- Organizers of UK's Grand National announce changes to start position and fences following two fatalities in 2012
- Steeplechase run over 30 fences by 40 horses claimed lives of Synchronized and According to Pete
- Horse welfare charity welcomes course changes but urges a reduction in number of horses allowed to enter
A package of measures designed to improve the safety of the UK's Grand National steeplechase have been announced by British horse racing authorities.
Details of changes to the start and modification to fences were published Thursday by Aintree Racecourse and the British Horseracing Authority (BHA) following the deaths of two horses during this year's race last April.
"Following this year's race, our priorities were to establish the facts surrounding the incidents that occurred during the running of the race and, secondly, to review the events which led to what was an unsatisfactory start to the race," Jamie Stier, Director of Raceday Operations and Regulation for the BHA, said in a statement.
"We have worked closely with Aintree and consulted widely with jockeys, trainers and legitimate welfare organizations - the RSPCA (a UK-based animal welfare charity) and World Horse Welfare - on a range of elements related to the race," Stier added.
These include moving the start 90 yards (82 meters) away from the crowds and the grandstands.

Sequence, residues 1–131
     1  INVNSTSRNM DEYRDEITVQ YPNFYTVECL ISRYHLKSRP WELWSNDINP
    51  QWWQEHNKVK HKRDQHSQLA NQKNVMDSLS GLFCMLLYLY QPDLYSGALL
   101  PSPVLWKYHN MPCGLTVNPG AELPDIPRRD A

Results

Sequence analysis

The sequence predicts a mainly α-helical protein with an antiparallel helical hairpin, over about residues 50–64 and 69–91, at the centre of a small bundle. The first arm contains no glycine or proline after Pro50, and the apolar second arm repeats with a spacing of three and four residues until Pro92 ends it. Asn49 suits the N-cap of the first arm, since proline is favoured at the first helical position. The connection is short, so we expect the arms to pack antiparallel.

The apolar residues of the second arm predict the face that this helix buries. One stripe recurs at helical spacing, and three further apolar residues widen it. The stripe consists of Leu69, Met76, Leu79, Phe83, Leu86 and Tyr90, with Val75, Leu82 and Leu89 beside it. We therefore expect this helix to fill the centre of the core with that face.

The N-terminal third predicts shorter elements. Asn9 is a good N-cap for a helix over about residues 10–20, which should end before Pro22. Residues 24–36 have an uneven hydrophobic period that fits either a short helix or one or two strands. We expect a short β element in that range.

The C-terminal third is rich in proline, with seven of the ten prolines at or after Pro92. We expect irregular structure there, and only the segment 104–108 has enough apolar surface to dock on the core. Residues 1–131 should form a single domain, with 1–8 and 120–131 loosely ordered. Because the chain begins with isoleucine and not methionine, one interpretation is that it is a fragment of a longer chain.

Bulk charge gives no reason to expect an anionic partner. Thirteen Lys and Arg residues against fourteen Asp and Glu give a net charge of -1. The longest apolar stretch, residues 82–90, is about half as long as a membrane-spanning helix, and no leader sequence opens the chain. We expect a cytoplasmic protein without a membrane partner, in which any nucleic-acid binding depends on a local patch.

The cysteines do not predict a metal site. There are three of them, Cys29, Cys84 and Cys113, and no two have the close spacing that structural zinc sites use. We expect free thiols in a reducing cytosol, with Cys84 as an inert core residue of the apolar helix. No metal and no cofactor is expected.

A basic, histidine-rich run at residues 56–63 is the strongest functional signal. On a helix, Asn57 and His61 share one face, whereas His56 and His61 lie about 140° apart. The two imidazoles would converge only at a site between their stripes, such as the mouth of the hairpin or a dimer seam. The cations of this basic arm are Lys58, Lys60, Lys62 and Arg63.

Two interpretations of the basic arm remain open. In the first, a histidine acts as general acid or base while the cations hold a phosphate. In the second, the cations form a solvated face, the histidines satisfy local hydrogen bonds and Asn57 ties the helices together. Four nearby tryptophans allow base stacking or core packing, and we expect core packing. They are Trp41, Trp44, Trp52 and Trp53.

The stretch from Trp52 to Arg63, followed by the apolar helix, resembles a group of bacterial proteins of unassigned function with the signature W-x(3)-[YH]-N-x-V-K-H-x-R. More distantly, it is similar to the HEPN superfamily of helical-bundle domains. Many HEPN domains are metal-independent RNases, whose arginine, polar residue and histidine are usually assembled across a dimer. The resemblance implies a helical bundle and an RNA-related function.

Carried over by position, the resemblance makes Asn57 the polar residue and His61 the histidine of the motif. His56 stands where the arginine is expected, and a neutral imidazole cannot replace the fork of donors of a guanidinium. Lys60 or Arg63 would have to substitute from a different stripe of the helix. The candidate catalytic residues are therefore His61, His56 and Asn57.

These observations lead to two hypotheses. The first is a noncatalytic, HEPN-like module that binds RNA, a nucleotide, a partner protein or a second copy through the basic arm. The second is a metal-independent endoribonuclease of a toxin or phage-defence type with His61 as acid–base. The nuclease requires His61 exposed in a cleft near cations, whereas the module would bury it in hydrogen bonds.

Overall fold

The objective of these changes is to create "a calmer and more controlled environment for both horse and rider," Stier says.
"We recognize that there is pressure and tension before the race and we want to alleviate that where possible," he added.
Along with ongoing research into safer fence design, the BHA and Aintree have announced alterations to Becher's Brook -- the fence where both Synchronized and According to Pete were fatally injured in 2012.
The fence which is jumped twice (6th and 22nd in a total of 30) during the race is having its landing area leveled further, while landing areas at fences four, five and 13 will also see work carried out to smooth out natural undulations.
The number of horses allowed to enter the race will remain at 40.
World Horse Welfare welcomed the new commitments to course alterations.
"We are especially encouraged by their program of work on the fences, replacing the hard cores with softer materials to make them more forgiving to the horses. This has the potential to make a big difference to safety," Roly Owers, chief executive of World Horse Welfare said in a statement.
But Owers was disappointed at the lack of action on the size of the field.
"We believe that the number of fallers, unseated riders and horses being brought down by other horses in the National is too high (50% in 2012), Owers said.
"While there is clearly no magic formula here, changes need to be made to significantly reduce the faller rate which will reduce the number of injuries, fatalities and loose horses which pose risks to themselves and others on the course. We believe the single most effective way of doing this is to trial a reduction in the field size -- say for three years."